East Oregonian : E.O. (Pendleton, OR) 1888-current, September 06, 2018, Page 4, Image 4

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    Page 4A
East Oregonian
Thursday, September 6, 2018
Managing Editor
Founded October 16, 1875
Kicker will land on
Oregon’s backside
The Eugene Register-Guard
he state Office of Economic
Analysis could not have conjured a
better illustration of the perversity
of Oregon’s kicker law: In 2020, the
office’s forecasters predict, Oregon will
return $686 million to individual income
taxpayers — just as the state tips into a
recession. It’s the fiscal-policy equivalent
of spending your savings on a vacation the
week before you need to pay for a kidney
To taxpayers, it looks a little different
— at first. The median Oregon household,
with an income of $36,000, will receive a
state income tax credit of $162 in 2020, a
relatively small but welcome infusion of
cash that will arrive when Oregon’s long
economic expansion comes to an end.
It could even have a modest stimulative
effect on the state’s economy.
But the credit will be tilted steeply
toward those who need it least, with the
top 1 percent of households — those
with incomes higher than $400,000 —
receiving credits of $6,787. Households
in the bottom 20 percent will get $13, and
those in the second quintile, with incomes
between $11,200 and $26,300, will get $75.
These lowest-income households are most
likely to be affected by recession-induced
cuts in state services, cuts that could have
been ameliorated with the $686 million in
refunds triggered by the kicker law.
The kicker law was passed by the
Legislature in 1979 in an effort to head
off a California-style property tax revolt.
The revolt came anyway when voters
passed Measure 5 in 1990, which capped
property tax rates and shifted responsibility
for financing local schools to the state.
In 2000, voters approved a legislatively
referred ballot measure to add the kicker
law to the state Constitution.
The kicker law is unique to Oregon. It
requires that when state revenue exceeds
official forecasts by 2 percent, the entire
amount above the projected figure must
be returned to taxpayers. Before the start
of the 2017-19 biennium, the state’s
economists projected $18.4 billion in
revenue from sources other than the
corporate income tax, mostly the personal
income tax. The latest projection, released
last week, revises that figure upward to
$19.2 billion — a 3.7 percent increase,
well beyond the kicker law’s 2 percent
A separate kicker applies to corporate
income taxes, which are also flowing into
state coffers at a higher-than-expected rate
because of a strong economy and changes
in federal tax law. In 2012, voters amended
the state Constitution’s kicker provision to
divert the corporate kicker funds to school
After nearly 40 years, the personal-
income-tax kicker appears to have become
a permanent fixture of Oregon’s fiscal
policy. An outright repeal would be a tough
sell politically — particularly with the
prospect of another refund on the horizon.
But Oregonians might be willing to modify
AP Photo/Andrew Selsky, File
This Jan. 11, 2018, file photo shows dark clouds over the Capitol in Salem.
the kicker law in a way that makes public
services, particularly education, less
vulnerable during economic downturns.
The vulnerability stems from Oregon’s
heavy reliance on personal income taxes
— the state has no sales tax, and property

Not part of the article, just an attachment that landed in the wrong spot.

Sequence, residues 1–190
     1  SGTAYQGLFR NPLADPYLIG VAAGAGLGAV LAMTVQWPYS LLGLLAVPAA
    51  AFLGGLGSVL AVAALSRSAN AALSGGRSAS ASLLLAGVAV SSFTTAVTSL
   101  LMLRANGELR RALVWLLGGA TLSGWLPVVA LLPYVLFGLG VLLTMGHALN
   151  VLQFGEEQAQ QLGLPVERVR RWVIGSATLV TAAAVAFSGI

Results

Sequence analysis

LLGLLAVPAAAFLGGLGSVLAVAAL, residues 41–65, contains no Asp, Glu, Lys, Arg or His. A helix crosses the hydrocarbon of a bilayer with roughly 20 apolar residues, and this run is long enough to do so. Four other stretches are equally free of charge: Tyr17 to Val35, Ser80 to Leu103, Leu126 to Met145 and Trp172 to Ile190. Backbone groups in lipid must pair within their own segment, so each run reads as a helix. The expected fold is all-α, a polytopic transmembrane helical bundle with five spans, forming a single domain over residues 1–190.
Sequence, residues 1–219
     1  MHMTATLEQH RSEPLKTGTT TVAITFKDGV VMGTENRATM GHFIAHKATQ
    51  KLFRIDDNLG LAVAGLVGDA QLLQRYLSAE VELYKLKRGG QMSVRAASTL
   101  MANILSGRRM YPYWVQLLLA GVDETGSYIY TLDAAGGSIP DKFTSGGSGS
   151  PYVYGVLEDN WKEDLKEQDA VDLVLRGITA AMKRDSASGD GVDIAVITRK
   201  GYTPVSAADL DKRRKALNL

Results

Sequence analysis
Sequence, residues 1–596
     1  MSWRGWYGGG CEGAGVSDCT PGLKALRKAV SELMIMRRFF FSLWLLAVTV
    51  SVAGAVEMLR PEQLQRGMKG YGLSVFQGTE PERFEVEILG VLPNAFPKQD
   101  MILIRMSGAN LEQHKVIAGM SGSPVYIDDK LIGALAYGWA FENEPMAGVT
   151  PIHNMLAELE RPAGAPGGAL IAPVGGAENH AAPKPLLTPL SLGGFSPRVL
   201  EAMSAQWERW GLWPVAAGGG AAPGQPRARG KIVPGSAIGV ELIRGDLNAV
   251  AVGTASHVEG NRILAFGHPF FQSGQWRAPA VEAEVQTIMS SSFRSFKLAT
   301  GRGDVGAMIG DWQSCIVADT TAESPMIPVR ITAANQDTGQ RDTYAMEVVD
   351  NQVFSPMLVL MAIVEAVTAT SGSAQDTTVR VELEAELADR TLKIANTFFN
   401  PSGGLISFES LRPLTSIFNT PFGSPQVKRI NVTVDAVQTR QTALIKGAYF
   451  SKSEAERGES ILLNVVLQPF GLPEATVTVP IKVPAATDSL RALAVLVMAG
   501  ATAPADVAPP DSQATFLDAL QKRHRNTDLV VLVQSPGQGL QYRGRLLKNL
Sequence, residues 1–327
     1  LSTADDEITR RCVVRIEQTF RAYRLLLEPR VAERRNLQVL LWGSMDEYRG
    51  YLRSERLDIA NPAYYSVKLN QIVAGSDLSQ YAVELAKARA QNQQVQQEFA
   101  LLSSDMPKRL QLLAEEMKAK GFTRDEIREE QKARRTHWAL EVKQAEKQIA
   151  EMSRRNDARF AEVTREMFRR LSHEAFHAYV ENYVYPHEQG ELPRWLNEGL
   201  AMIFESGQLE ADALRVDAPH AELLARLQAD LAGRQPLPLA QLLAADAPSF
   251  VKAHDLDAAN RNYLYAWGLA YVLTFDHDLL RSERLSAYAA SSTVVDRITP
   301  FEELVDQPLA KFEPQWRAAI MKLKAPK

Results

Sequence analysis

taxes are reserved for local governments.
To a greater degree than sales or property
taxes, income tax revenue flows freely
during periods of economic growth, and
slows dramatically during recessions. One
way to dampen this volatility is to build up
a rainy day fund during boom times, and
use these savings to cushion the effects of a
downturn. The kicker is an obstacle to such
a countercyclical practice.
Oregon has two rainy-day reserves
— the Oregon Rainy Day Fund and the
Education Stability Fund — that are fed by
corporate taxes, lottery revenues and other
sources. These reserves will contain $1.2
billion at the end of the 2017-19 biennium,
according to the latest projection. That
would not be enough to carry Oregon
government through a recession that is
deep, long or both.
The kicker law could be amended to
require that all or a portion of refunds be
deposited in the rainy day reserves until
they contain savings equal to, say, 15
percent of the general fund, which would
amount to about $3 billion. After that
threshold of adequacy was reached, kicker
refunds to taxpayers would resume. Such
an adjustment to the kicker law would
ensure that larger-than-expected income
tax receipts aren’t immediately spent, and
provide refunds to taxpayers once a degree
of fiscal stability is achieved.
Such a system would entail some
deferred gratification for Oregon taxpayers.
But it would be more sensible than
providing big tax refunds on the eve of a
Too much secrecy keeps public in dark
ational leaders of all
stripes have complained
for decades that
Washington keeps too many
secrets. Too much of the
government’s information is
classified, the argument goes,
making it nearly impossible for
Americans to know what their
leaders are doing.
“Secrecy is a mode of
regulation,” Sen. Daniel Patrick
Moynihan wrote in 1997, when
the congressionally created board
he headed, the Commission
on Protecting and Reducing
Government Secrecy, released a
report. “In truth, it is the ultimate
mode, for the citizen does not
even know that he or she is being
Moynihan hoped that a “culture
of openness” would develop to
balance the culture of secrecy.
It didn’t happen. A dozen years
later, in 2009, The New York
Times editorialized that the federal
government’s creation of “107
different categories of restricted
information ... seems designed not
to protect legitimate secrets but to
empower bureaucrats.” Still more
recently, when the House held
hearings on secrecy in 2015, the
journalist Terry Anderson testified,
“The Moynihan commission
recommended some changes in
the law, including an office of
Nothing was acted
Today, the
culture of secrecy
is keeping the
public from
learning some
basic facts about
the Trump-
Russia affair,
even as newscasts
and newspapers are filled with
reporting, speculation and
debate about it. When it comes
to allegations that the Trump